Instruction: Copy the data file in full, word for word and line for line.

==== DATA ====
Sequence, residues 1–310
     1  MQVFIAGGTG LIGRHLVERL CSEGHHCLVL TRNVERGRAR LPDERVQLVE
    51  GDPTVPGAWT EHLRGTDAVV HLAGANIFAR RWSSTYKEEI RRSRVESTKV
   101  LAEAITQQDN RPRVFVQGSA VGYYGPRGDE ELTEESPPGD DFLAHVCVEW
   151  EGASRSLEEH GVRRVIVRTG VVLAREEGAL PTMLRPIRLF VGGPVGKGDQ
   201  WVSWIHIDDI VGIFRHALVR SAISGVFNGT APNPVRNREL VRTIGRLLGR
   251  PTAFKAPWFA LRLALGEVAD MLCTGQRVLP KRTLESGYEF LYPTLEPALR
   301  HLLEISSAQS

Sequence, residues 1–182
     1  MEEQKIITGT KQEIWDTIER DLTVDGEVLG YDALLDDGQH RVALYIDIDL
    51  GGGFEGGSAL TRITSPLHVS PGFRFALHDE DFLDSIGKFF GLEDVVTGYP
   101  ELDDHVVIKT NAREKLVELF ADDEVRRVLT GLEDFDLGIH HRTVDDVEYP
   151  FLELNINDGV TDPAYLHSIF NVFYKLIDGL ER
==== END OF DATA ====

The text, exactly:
Sequence, residues 1–310
     1  MQVFIAGGTG LIGRHLVERL CSEGHHCLVL TRNVERGRAR LPDERVQLVE
    51  GDPTVPGAWT EHLRGTDAVV HLAGANIFAR RWSSTYKEEI RRSRVESTKV
   101  LAEAITQQDN RPRVFVQGSA VGYYGPRGDE ELTEESPPGD DFLAHVCVEW
   151  EGASRSLEEH GVRRVIVRTG VVLAREEGAL PTMLRPIRLF VGGPVGKGDQ
   201  WVSWIHIDDI VGIFRHALVR SAISGVFNGT APNPVRNREL VRTIGRLLGR
   251  PTAFKAPWFA LRLALGEVAD MLCTGQRVLP KRTLESGYEF LYPTLEPALR
   301  HLLEISSAQS

Sequence, residues 1–182
     1  MEEQKIITGT KQEIWDTIER DLTVDGEVLG YDALLDDGQH RVALYIDIDL
    51  GGGFEGGSAL TRITSPLHVS PGFRFALHDE DFLDSIGKFF GLEDVVTGYP
   101  ELDDHVVIKT NAREKLVELF ADDEVRRVLT GLEDFDLGIH HRTVDDVEYP
   151  FLELNINDGV TDPAYLHSIF NVFYKLIDGL ER